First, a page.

Media Release - Australia's Dairy Industry Faces Death By 1,000 Inquiries - Wednesday, 26 August 2020

Media Release - Australia's Dairy Industry Faces Death By 1,000 Inquiries - Wednesday, 26 August 2020 Main Image

By Joel Fitzgibbon

26 August 2020

Australia’s struggling dairy farmers face yet another inquiry. They needed help, not more talk, a long time ago.

In April 2018, the ACCC produced a report to Government after an exhaustive 18-month-long inquiry into the Australia’s dairy industry.  The Morrison Government has now announced yet another inquiry while a Senate Committee inquiry is still in progress.

Dairy farmers have made it clear to the committee that they need help now and will be disappointed that the Morrison Government has announced another inquiry.

Queensland Dairy farmer, Mr Trace made it clear to the committee that dairy farmers are desperate for real action to fix the farmgate milk price, stating that:

We need to get the farmgate milk price up so that we can sustain the industry. That's what we need. It could be solved in a day with the right people in a room. We need the political will to do it, and that's what the farmers are doubting.”

The Treasurer says the ACCC will:

… undertake an inquiry into harmful imbalances of bargaining power between farmers, intermediaries, including processors, and retailers in the domestic supply chains of perishable agricultural goods in Australia.

In its 2018 report the ACCC concluded:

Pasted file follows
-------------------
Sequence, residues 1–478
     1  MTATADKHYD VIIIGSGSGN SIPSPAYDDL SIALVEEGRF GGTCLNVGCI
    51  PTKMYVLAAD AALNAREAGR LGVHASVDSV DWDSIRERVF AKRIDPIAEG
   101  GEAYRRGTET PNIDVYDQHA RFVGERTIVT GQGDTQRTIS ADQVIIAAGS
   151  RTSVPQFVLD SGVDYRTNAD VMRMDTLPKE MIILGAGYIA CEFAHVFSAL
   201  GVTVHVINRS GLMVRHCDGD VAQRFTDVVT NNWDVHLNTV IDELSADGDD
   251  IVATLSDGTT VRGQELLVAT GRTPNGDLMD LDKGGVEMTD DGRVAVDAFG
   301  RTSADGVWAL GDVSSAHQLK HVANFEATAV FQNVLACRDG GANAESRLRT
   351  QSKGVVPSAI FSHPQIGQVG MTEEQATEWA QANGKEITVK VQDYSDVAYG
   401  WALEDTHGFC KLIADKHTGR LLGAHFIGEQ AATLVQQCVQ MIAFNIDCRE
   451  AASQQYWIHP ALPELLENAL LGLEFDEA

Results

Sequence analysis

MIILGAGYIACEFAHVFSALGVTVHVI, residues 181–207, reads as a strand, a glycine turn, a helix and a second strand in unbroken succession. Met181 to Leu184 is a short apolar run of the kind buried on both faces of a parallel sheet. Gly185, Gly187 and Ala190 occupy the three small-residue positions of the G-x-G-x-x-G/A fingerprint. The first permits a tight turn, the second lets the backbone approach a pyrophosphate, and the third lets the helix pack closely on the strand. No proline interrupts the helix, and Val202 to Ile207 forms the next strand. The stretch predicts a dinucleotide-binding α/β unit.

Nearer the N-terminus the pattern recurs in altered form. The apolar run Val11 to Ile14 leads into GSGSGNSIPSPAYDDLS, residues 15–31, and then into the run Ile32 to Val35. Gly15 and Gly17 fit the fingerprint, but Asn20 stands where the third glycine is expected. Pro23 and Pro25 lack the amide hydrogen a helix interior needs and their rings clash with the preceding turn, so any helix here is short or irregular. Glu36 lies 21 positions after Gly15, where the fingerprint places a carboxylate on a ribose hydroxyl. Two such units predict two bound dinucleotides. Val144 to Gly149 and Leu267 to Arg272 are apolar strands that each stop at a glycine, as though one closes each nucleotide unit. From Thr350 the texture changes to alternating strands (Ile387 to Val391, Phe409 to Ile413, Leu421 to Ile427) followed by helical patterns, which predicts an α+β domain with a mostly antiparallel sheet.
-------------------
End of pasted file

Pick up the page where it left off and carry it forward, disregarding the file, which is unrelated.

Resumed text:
… farmers’ lack of bargaining power means that they are unlikely to benefit from an increase in the retail (or wholesale) prices of private label milk or other dairy products. Even if processors were to receive higher wholesale prices from sales to supermarkets, this does not mean the processors will pay farmers any more than they must secure milk. Farmers’ ability to capture their appropriate share of profit.

The ACCC identified the obvious; farmers don’t have any relationship with Coles, Woolworths, or any other retailer. They deal only with the processors and there is a clear market power imbalance between the two.

If the Government is saying the ACCC was wrong, it should make that clear and invite it to re-visit this issue.  The Treasurer also says: 

… the ACCC will also examine the effectiveness of the new Dairy Code of Conduct including by considering options to extend the code across the entire domestic dairy supply chain.

So, the Government is already questioning its own Code of Conduct, its only meaningful response to the last ACCC inquiry.  And it’s doing so even though the ACCC report said there is no relationship between farmers and retailers.

If the Government is serious about finally helping our struggling dairy farmers, it will extend the terms of reference for the latest inquiry to include an investigation of the merits of a mandatory minimum farmgate milk price in each dairy region.